Arla Foods looks set to strengthen its presence in the Chinese dairy market and boost exports after signing a wide-ranging agreement with dairy giant Mengniu.
Under the agreement with Mengniu and China’s leading food and beverage firm COFCO Corporation, Arla has become an indirect shareholder of Mengniu Dairy Company – holding an approximate 6% interest in the firm.
COFCO is the single largest shareholder of Mengniu, holding a 20% interest in the company.
The deal, which involves an investment of DKK1.7bn ($290m, €230m), will effectively see Arla capture a 30% stake in COFCO’s 20% - or an overall 6% of Mengniu.
Arla may also nominate one director to the board of Mengniu through the investment, although it is yet to decide on who will fill the position.
Increase China exports
The firm has pre-existing links with Mengniu, having worked in partnership with the firm since 2005 on the sale of powdered milk. However, this agreement will offer Arla the opportunity to further develop its presence in China.
Arla Foods chief press officer, Theis Brogger, told DairyReporter.com that the Danish dairy cooperative is excited to play a major role in the development of Mengniu.
“We already have a good partnership with Mengniu in terms of milk powder. We have the same ambitions as Mengniu for dairy in China. They are a big player too,” said Brogger.
Under the agreement, the Arla brand will gain access to more sales and distribution channels in the country – offering Chinese consumers greater access to Arla products.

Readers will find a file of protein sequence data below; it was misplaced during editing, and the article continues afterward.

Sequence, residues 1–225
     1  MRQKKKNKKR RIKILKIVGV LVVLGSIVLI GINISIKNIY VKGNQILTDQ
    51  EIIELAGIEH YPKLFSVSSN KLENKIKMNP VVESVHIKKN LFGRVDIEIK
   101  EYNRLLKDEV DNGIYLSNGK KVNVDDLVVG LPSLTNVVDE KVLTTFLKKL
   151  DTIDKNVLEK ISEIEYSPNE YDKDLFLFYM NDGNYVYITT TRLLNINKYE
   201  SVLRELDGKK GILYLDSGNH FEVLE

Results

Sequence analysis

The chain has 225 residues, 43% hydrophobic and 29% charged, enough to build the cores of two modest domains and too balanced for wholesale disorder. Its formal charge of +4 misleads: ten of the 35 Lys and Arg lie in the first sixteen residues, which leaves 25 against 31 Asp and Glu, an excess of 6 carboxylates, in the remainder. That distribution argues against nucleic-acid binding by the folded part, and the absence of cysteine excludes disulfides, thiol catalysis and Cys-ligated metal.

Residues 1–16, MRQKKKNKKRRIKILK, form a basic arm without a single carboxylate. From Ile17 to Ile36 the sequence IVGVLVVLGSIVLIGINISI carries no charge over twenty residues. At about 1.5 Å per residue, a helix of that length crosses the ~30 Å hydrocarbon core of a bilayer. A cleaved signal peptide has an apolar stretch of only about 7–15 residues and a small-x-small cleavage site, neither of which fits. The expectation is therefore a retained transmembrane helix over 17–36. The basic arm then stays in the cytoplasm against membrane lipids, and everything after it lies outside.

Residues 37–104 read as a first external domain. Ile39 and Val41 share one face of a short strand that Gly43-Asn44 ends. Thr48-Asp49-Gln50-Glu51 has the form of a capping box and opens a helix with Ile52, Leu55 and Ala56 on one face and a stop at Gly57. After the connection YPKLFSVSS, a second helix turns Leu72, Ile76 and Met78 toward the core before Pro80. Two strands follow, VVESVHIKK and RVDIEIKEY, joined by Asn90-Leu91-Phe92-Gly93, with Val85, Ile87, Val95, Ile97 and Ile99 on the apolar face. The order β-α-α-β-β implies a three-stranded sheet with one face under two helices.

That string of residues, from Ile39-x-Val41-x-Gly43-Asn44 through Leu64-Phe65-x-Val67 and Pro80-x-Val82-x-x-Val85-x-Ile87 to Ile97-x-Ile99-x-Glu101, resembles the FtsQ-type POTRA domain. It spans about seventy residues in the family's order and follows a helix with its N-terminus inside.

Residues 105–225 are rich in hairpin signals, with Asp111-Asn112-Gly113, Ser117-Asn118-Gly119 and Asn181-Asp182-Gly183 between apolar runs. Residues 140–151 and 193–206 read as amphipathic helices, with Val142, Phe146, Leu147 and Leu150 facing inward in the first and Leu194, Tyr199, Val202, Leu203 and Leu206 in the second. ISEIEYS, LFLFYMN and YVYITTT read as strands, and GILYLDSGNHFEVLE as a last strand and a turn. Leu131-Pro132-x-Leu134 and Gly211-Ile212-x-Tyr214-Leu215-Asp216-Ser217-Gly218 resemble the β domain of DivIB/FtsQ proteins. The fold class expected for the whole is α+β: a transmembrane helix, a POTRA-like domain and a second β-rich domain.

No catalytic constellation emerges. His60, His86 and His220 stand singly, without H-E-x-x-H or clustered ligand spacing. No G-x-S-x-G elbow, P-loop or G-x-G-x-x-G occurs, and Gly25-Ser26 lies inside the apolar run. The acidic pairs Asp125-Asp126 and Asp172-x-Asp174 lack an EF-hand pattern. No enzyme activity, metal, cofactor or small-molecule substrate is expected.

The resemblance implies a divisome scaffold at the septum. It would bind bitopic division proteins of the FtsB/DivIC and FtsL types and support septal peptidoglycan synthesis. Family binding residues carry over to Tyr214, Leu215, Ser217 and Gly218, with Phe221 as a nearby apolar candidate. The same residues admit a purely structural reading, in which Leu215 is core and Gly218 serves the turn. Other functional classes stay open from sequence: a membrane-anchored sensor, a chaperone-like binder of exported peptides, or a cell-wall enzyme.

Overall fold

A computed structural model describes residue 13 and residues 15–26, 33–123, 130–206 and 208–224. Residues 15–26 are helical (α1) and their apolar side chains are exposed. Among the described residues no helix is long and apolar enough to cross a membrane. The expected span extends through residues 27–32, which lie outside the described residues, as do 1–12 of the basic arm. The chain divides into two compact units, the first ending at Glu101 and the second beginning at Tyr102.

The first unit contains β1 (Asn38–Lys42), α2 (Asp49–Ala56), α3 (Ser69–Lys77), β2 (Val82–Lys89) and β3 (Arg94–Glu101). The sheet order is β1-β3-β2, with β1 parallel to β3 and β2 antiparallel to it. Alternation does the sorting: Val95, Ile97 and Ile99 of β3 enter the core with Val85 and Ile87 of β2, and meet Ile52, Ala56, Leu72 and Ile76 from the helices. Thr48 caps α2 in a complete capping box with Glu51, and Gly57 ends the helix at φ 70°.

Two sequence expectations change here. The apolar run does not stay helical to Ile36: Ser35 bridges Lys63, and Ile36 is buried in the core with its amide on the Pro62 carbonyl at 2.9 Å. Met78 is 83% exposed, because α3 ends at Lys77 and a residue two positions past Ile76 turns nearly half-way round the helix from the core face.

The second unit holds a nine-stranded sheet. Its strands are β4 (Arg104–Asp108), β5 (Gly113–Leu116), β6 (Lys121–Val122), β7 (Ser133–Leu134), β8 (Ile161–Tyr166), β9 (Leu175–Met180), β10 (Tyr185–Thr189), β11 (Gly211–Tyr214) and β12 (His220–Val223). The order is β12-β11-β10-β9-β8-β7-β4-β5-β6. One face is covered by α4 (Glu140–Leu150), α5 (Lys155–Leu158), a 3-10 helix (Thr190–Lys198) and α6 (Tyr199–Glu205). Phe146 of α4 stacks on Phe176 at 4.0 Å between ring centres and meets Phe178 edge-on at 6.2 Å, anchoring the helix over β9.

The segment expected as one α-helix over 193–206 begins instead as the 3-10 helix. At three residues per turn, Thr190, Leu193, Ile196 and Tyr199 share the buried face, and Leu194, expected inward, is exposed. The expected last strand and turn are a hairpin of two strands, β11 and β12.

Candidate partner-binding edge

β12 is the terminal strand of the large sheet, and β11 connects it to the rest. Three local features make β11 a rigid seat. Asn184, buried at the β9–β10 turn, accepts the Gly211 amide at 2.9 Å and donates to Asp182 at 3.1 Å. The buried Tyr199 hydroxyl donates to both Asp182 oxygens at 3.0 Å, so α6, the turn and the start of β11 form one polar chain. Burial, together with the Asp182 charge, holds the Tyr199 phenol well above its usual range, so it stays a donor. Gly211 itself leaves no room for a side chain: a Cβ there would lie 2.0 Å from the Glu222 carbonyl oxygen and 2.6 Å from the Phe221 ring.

Arla expects turnover to increase five-fold by 2016 as a result of the agreement.
“We are very excited to play a role in the development of Mengniu. It has the potential to continue the growth rate shown in recent years,” he said.
The Danish cooperative has also confirmed that through the agreement, a China-Denmark Milk Technology and Cooperation Centre will be established.
The facility, which will provide expertise on milk quality, traceability and controlled milk production, has been backed by China’s Ministry of Agriculture and Denmark’s Ministry of Food, Agriculture and Fisheries.
“They will get expertise in milk quality, which China is ambitious to achieve. We have a quality assurance programme in Scandinavia which Mengniu is very interested in.”
Reports of tainted food, including dairy products, are common in China. Mengniu has not been immune to these scandals, suffering a drop in share price and sales as a result earlier this year.
Arla has not been fazed by this.
“We’ve been in the Chinese market through these periods. During this time, Mengniu has been one of the most responsible food firms in China with those issues,” Brogger added.
“We have good faith in the way they handled these issues.”
“That is something we noticed about Mengniu. When we decide to collaborate in the production of food, safety is the highest priority,” he concluded.